LSU School of Veterinary Medicine associate professor to be published in prestigious research journal


BATON ROUGE, La. – Juan J. Martinez, PhD, associate professor in the Department of Pathobiological Sciences (PBS), has been accepted for publication in Infection and Immunity. The work is entitled “Non-selective Persistence of a Rickettsia conorii Extrachromosomal Plasmid during Mammalian Infection,” and is scheduled to be published in the March 2016 issue. Dr. Martinez and his lab are interested in understanding the molecular basis by which certain obligate intracellular bacteria of the Spotted Fever Group (SFG) Rickettsiae, cause severe and often fatal disease in humans and companion animals.


Infection and Immunity is a research journal that reports on key discoveries in the fields of molecular pathogenesis, cellular microbiology, microbiome relating to host-pathoigen interactions and bacterial infection, among other research topics.


In this current work, Dr. Martinez and senior author, Sean P. Riley, MS, PhD, assistant professor (research) in PBS, have demonstrated that introduction of an extrachromosomal DNA element called a plasmid into a pathogenic species of rickettsiae, Rickettsia conorii, does not lead to any defects in fitness in vitro nor in fatal outcomes in a murine model of disseminated rickettsial disease. The group’s findings indicate that under non-selective antibiotic pressures, bacteria harboring this piece of DNA maintain the plasmid both in cell culture and when the bacteria are introduced into an animal. Plasmid is defined as a genetic structure in a cell that can replicate independently of the chromosomes, typically a small circular DNA strand in the cytoplasm of a bacterium or protozoan.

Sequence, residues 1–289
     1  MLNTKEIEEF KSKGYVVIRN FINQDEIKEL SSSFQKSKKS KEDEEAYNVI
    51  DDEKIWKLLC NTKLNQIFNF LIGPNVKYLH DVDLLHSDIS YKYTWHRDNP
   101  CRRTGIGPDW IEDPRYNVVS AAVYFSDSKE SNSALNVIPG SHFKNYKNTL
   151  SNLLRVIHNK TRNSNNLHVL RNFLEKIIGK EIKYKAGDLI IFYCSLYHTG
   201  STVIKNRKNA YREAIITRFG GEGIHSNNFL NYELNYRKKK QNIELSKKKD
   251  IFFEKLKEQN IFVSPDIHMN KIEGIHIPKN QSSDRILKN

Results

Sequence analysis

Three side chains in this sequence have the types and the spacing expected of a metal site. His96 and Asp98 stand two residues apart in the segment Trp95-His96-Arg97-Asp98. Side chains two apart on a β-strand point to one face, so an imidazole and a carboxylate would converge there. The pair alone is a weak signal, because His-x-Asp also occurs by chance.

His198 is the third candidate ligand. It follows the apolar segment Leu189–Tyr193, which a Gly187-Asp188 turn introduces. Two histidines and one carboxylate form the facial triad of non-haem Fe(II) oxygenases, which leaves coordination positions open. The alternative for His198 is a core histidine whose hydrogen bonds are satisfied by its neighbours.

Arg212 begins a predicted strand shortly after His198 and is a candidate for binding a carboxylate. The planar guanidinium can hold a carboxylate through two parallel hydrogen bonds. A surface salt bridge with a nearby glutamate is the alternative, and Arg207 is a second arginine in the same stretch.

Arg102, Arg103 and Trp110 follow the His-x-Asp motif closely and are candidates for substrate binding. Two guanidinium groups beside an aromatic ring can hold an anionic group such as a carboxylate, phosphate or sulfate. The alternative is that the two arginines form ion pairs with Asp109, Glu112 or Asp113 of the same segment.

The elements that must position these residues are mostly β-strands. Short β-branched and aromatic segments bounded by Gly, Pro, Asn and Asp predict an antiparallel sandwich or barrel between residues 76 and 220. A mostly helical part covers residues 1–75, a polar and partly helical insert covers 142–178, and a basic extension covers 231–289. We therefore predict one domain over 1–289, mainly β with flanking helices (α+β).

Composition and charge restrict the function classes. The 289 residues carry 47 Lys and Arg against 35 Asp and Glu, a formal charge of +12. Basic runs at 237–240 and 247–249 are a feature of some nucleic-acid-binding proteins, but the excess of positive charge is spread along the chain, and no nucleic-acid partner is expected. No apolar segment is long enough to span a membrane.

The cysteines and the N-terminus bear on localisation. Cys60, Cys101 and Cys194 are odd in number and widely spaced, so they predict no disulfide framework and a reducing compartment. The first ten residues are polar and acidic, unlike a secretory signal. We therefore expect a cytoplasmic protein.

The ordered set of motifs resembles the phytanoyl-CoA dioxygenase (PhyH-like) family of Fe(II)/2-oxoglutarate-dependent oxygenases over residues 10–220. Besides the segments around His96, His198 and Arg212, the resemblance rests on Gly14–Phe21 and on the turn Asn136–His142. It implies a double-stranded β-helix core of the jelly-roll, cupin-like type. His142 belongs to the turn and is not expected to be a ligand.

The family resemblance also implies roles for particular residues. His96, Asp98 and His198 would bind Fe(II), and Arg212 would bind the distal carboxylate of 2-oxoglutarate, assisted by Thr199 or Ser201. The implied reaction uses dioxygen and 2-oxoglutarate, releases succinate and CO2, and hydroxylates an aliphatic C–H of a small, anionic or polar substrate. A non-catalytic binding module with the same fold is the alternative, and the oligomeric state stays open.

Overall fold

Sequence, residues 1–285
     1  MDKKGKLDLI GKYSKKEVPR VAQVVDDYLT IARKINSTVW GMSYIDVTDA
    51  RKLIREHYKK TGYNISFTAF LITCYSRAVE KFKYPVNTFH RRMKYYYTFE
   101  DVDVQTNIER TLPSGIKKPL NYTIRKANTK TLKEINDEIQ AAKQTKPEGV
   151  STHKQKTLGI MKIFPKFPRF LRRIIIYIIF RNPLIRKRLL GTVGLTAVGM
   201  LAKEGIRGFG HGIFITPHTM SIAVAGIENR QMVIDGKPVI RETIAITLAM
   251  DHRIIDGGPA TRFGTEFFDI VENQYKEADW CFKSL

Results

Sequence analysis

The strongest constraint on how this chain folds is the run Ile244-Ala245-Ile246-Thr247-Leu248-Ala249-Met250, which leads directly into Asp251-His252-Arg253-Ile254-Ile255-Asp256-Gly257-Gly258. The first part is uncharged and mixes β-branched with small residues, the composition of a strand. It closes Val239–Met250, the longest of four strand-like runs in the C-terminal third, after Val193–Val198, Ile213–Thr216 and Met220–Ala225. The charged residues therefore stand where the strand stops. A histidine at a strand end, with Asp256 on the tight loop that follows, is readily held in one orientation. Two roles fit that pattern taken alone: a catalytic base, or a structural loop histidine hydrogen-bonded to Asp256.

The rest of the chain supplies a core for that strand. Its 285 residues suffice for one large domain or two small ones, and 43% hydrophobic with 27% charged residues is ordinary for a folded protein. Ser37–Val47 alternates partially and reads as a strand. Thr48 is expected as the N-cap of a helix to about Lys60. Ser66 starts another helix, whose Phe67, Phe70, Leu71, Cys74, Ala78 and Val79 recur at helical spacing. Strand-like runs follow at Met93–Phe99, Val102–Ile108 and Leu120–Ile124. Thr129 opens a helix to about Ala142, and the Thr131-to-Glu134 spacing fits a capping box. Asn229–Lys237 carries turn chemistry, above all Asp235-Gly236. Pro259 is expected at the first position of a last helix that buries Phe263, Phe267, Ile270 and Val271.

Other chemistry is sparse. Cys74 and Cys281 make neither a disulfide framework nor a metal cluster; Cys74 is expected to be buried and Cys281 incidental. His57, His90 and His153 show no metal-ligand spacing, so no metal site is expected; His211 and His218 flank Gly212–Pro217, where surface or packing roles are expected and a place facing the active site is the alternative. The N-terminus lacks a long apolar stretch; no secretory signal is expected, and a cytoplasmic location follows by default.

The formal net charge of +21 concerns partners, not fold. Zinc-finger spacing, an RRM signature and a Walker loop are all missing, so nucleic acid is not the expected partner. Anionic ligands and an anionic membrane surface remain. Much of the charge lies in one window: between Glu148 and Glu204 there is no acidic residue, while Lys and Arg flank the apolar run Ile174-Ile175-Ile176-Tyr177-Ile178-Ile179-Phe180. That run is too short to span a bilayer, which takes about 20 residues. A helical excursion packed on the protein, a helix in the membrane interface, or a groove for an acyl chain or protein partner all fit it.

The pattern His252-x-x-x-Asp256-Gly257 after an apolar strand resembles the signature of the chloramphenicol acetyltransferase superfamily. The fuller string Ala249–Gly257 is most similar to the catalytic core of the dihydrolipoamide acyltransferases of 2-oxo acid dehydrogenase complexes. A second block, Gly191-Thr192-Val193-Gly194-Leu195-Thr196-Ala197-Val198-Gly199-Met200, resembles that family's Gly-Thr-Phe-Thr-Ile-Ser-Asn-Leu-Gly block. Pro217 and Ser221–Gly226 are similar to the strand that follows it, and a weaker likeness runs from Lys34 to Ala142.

“Genetics in rickettsial species is really in its’ infancy,” said Dr. Martinez. “By demonstrating that the introduction of a plasmid does not have any negative impacts on the pathogenic potential of the bacterium, we will be able to use this as a genetic tool to introduce wild-type or normal genes on the plasmid so as to complement strains that have natural or generated mutations in genes of interest.”


This work was a collaborative effort with several investigators in PBS and was funded by a research grant from the National Institutes of Health, National Institute of Allergy and Infectious Diseases (NIH/NIAID) to Dr. Martinez’ group and by a pilot grant from the LSU-SVM Center for Experimental Research in Infectious Disease Research (CEIDR) to Dr. Riley.